After a pause of about a week in daily image releases from Rosetta, ESA has begun sharing four-image sets of photos of comet Churyumov-Gerasimenko and invited the public to help produce pretty pictures from them.
Venera 9 and 10 landed on Venus in 1975 and sent back the first images of the planet's surface. Now, Ted Stryk brings new life to these images to show us what it would be like to stand on the Venusian surface.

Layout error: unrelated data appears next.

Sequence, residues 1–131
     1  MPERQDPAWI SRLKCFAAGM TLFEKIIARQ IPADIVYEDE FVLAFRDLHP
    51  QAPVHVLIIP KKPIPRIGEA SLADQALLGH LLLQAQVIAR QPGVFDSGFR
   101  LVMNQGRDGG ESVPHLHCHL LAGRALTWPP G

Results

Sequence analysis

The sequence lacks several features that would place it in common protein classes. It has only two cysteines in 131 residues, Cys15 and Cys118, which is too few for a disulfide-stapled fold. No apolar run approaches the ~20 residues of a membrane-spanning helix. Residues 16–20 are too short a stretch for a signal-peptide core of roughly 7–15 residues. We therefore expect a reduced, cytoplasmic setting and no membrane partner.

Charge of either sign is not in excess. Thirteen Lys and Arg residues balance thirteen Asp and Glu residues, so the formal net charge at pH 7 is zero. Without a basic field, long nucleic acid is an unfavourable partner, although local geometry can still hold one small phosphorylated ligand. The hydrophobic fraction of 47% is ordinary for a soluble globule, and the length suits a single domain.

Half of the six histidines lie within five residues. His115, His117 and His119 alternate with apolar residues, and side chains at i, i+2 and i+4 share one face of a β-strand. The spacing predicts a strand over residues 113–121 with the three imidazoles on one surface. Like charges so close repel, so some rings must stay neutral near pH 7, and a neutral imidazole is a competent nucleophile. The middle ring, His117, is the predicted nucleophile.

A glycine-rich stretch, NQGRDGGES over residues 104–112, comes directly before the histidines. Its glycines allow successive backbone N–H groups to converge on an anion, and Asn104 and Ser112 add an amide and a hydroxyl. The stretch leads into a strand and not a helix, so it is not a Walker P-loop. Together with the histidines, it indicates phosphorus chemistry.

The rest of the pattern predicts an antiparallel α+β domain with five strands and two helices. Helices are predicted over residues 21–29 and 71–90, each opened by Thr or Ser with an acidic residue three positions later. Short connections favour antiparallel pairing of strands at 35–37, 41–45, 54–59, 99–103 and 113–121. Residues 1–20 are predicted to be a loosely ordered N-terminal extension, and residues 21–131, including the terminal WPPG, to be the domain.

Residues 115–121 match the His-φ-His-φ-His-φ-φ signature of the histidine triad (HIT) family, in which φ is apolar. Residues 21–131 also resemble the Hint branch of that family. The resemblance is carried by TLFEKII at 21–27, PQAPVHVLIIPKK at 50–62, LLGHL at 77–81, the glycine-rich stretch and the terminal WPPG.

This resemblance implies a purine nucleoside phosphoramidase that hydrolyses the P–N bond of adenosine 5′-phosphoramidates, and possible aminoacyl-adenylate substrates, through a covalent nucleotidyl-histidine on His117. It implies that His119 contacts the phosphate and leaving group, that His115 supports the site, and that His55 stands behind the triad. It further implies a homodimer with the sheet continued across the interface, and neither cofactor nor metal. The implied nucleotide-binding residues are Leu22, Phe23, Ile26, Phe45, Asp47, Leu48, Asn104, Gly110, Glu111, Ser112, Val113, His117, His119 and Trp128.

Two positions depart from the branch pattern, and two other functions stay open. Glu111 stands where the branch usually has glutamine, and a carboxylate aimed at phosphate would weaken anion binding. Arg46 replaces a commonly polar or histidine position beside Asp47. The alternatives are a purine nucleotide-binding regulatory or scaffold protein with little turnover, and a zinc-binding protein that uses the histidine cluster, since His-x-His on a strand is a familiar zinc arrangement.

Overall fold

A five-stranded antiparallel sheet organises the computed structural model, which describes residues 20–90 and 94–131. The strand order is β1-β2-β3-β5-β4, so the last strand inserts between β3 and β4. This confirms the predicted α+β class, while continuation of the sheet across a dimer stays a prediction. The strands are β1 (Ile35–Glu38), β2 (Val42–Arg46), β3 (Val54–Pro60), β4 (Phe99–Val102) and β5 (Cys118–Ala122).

In 1979, the Voyager 1 probe took a stunning series of images on its final approach to Jupiter. Thirty-five years later, almost to the day, a group of seven Swedish amateur astronomers set out to replicate this odyssey, but with images taken with their own ground-based telescopes.
Today I received an email notification of new public releases of some image data sets. I always love seeing new public space image data, but this notification was bittersweet: it included the first public release of the very last image data returned to Earth by Deep Impact, of a distant comet ISON.